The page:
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How to Avoid Problems by Integrating Play Part One

Picture courtesy of Shutterstock

Picture courtesy of Shutterstock

 

Throughout the years I’ve had a turbulent relationship with play. Being an all or nothing type of person I’ve gone from ‘all play and no work’ in my twenties to ‘all work and no play’ in my thirties. In recent years my desire to progress in my career has led to a more ‘all work and no play’ approach, which has admittedly been fuelled by my perfectionism.

 

After some discussions with my therapist I realized that neither approach had served me very well. If I wanted to increase my resilience to stress when it arose and reduce the possibility of burn out, I needed to introduce more play into my life!

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February’s New Hot Topic… Play!

In today’s hectic world all too often play is thought of as childish and indulgent but recent studies by Dr. Brown, founder of the National Institute for Play, have revealed that play leads to greater light-heartedness, empathy, flexibility, adaptiveness, optimism, hope for the future and produces a sense of belonging. Play even promotes our being open to new ideas and increases our creativity.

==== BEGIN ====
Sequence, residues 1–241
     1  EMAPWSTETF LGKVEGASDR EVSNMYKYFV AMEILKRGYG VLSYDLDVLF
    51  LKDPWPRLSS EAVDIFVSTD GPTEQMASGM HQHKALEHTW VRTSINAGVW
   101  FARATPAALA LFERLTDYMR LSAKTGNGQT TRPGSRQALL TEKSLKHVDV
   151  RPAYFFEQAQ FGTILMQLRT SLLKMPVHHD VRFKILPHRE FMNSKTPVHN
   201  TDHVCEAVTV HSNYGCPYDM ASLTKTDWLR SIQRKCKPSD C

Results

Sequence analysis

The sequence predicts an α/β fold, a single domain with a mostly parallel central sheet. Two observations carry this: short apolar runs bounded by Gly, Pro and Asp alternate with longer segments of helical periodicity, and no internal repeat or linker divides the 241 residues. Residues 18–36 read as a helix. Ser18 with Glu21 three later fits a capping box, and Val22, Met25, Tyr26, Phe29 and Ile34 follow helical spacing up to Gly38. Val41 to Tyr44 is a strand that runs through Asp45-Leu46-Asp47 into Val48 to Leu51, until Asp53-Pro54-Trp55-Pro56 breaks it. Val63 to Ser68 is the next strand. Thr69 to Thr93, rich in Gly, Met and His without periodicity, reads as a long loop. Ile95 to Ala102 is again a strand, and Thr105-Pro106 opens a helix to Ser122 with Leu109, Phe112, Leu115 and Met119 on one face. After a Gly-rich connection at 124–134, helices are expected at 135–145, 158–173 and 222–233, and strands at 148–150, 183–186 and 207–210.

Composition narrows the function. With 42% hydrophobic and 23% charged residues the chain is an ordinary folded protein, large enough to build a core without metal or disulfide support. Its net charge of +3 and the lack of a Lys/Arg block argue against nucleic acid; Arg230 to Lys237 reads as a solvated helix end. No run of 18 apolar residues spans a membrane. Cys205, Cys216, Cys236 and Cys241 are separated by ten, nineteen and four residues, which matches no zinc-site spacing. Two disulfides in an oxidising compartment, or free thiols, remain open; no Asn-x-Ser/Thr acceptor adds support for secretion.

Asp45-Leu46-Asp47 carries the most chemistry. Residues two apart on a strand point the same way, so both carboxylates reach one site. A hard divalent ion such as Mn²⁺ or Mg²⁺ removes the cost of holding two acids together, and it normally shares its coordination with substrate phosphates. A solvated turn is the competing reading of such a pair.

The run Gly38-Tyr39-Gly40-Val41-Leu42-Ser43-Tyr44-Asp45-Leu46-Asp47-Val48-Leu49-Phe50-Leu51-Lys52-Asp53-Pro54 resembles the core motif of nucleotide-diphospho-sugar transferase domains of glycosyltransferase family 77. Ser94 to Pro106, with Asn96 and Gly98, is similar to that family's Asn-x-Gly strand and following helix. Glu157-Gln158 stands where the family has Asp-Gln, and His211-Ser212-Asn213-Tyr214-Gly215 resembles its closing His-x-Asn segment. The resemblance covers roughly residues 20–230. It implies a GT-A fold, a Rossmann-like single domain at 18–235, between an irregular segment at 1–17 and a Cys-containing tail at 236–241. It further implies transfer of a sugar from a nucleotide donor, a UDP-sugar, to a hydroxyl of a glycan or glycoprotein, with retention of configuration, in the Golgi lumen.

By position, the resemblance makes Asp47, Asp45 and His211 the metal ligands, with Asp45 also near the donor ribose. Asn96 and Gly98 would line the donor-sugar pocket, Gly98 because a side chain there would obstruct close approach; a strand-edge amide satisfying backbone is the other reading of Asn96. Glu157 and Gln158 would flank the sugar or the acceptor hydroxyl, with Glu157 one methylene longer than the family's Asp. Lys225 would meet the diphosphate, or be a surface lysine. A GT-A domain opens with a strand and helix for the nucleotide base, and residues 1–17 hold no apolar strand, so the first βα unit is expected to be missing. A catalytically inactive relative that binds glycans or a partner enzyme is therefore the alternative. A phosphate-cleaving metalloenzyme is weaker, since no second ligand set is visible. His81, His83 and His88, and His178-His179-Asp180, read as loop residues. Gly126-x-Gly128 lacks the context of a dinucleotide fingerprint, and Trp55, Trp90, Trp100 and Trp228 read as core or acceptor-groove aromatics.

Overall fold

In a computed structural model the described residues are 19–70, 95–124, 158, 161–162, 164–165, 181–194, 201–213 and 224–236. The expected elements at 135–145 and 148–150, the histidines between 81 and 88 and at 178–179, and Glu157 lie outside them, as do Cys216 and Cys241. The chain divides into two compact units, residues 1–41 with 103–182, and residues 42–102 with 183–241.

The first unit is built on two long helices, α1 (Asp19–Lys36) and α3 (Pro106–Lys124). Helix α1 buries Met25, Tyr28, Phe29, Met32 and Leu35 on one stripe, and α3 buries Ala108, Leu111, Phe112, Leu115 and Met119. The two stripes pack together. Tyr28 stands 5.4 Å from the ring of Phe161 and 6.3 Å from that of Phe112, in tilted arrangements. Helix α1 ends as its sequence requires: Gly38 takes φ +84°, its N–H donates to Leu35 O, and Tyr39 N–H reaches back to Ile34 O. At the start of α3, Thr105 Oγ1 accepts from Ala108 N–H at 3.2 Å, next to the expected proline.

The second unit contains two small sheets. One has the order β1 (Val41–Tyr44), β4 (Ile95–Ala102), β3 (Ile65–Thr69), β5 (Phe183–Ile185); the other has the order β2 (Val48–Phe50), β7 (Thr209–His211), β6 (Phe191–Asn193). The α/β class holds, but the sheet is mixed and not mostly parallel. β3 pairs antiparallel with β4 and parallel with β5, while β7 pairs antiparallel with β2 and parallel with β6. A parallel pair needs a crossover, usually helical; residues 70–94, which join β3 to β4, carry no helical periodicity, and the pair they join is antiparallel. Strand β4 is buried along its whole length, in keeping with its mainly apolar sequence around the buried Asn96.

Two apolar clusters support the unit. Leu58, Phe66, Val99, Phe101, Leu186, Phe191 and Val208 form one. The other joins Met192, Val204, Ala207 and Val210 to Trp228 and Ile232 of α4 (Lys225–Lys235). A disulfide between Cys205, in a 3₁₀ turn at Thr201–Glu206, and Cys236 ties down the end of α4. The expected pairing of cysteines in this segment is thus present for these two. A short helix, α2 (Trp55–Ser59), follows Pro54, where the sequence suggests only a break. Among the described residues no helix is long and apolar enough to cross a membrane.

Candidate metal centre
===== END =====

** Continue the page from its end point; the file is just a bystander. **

So this February join me in rediscovering a life full of both wonder and play – a life where obstacles are successfully tackled with our newly enhanced skills of flexibility and adaptiveness. A life which promotes well being and ultimately leads to our relationships flourishing as a result of greater empathy, optimism and hope.

 

I can’t wait to embark on this journey with you all!

 

Wishing you all the joy and happiness you deserve,

 

x X x Jenny x X x

Friends and Family Questionnaire

One of the easiest ways to do a life audit is to just ask yourself ten questions for each area of your life and then give yourself a score to find out how to rate yourself.

 

Below I’ve outlined ten questions for the friends and family life area so you can easily assess where you’re currently at – simply give yourself a score out of ten for each question with one being awful and ten being excellent, with no room for improvement.